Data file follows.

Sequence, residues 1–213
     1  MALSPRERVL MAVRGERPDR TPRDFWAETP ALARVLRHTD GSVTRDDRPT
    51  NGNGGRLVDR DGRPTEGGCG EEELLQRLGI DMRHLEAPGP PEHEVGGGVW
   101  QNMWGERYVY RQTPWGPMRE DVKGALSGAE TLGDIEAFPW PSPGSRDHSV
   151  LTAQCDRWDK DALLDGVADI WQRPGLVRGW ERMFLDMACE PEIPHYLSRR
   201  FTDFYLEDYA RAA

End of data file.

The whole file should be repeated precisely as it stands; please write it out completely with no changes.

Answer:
Sequence, residues 1–213
     1  MALSPRERVL MAVRGERPDR TPRDFWAETP ALARVLRHTD GSVTRDDRPT
    51  NGNGGRLVDR DGRPTEGGCG EEELLQRLGI DMRHLEAPGP PEHEVGGGVW
   101  QNMWGERYVY RQTPWGPMRE DVKGALSGAE TLGDIEAFPW PSPGSRDHSV
   151  LTAQCDRWDK DALLDGVADI WQRPGLVRGW ERMFLDMACE PEIPHYLSRR
   201  FTDFYLEDYA RAA